An analysis of state child welfare records shows that thousands of foster children in Florida have led transient lives, staying just a few nights in one place before being moved to another family or group home.
The Tampa Bay Times reviewed over 1 million child welfare records regarding 280,000 foster children in Florida between 2000 and 2017.
The records showed that roughly 1,500 children stayed in 12 different homes in a single year. Over 7,500 children moved about once a month over a six-month period. Almost 2,000 children had six placements in a single month.
According to the review, the majority of the children received long-term placements. But thousands did not, particularly older children. Over the last five years, almost 20 percent of children ages 13 and old were moved more than five times.
More than 2,000 children currently live in group homes, according to the state data.
Child psychologists say frequent moves can affect a foster child’s grades in school and a child’s ability to form healthy relationships.
“That instability just damages your mental health so severely,” said Marlene Bloom, a Hillsborough County psychologist who has worked with foster children for 20 years. “There are children who would be better off staying in an abusive family than in foster care. That’s horrible to say, but if you can’t offer them something better, why are we removing them?”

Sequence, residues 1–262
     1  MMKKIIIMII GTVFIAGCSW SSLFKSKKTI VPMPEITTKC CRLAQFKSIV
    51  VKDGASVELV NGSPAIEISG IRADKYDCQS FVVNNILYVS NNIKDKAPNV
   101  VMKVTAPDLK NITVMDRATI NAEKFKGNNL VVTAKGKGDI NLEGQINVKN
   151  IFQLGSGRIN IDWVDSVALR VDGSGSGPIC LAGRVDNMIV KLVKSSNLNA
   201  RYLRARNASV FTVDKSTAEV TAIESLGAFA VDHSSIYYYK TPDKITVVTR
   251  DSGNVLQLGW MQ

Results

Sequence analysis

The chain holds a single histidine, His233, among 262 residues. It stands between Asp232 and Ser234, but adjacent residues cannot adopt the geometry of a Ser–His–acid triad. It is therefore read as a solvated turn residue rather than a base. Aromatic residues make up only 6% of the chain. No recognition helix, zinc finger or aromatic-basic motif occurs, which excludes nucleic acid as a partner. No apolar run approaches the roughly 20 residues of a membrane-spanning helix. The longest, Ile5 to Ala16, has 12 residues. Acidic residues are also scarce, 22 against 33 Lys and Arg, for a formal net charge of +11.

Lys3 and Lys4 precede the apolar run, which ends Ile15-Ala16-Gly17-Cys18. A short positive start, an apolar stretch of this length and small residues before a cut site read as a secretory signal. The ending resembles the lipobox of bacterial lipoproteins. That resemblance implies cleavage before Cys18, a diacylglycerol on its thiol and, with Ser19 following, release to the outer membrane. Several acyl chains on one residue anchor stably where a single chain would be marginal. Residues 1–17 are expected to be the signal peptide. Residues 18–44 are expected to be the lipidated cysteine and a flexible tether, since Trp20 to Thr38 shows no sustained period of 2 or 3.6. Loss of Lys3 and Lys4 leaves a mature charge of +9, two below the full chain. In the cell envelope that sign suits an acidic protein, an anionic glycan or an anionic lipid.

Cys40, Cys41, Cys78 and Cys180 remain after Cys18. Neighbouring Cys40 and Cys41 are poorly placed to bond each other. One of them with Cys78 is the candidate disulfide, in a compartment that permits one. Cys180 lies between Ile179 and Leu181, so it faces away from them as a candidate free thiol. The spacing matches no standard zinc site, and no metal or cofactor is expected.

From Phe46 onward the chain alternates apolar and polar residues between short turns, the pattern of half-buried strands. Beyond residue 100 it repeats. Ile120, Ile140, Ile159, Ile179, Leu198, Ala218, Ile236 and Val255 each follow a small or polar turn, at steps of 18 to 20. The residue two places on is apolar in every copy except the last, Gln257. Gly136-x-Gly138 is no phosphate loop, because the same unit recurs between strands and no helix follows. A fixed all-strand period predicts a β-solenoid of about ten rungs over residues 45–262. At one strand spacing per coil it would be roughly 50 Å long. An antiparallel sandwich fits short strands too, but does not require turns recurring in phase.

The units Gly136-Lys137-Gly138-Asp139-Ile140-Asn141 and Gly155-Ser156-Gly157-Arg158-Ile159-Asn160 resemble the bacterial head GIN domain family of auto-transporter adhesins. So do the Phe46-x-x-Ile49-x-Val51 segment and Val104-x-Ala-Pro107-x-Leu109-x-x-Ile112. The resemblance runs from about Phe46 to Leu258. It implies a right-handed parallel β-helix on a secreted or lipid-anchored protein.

Florida Department of Children and Families officials said that many foster children have suffered abuse, abandonment and domestic violence, and they often can develop destructive behaviors while failing to trust adults.
State officials also said the newspaper’s analysis includes placements made before Florida privatized foster care under Gov. Jeb Bush. His administration put nonprofit groups in charge of foster care in each of the state’s 19 judicial circuits to increase local control.
“A vast majority, 14 of Florida’s 19 community-based care lead agencies, are surpassing federal performance standards for placement stability and DCF is working closely with the remaining lead agencies to recruit more foster homes and better support foster families in the communities they serve,” Rebecca Kapusta, interim department secretary, said in an email. “If we find that foster children aren’t being cared for properly, we hold the organizations responsible for their care accountable.”
According to the records, the five agencies that are not meeting the federal standards are responsible for about 60 percent of Florida’s foster children.
Due to a shortage of foster beds, the state often fails to match children with behavioral issues with caregivers trained to help them, which can result in children being moved because their foster parents are unable to cope with them, said Robin Rosenberg, deputy director of Florida’s Children First, a statewide advocacy organization focused on children’s rights.
“People perceive them as having bad behavior and being bad kids when those are pretty normal coping mechanisms for terrible situations,” Rosenberg said.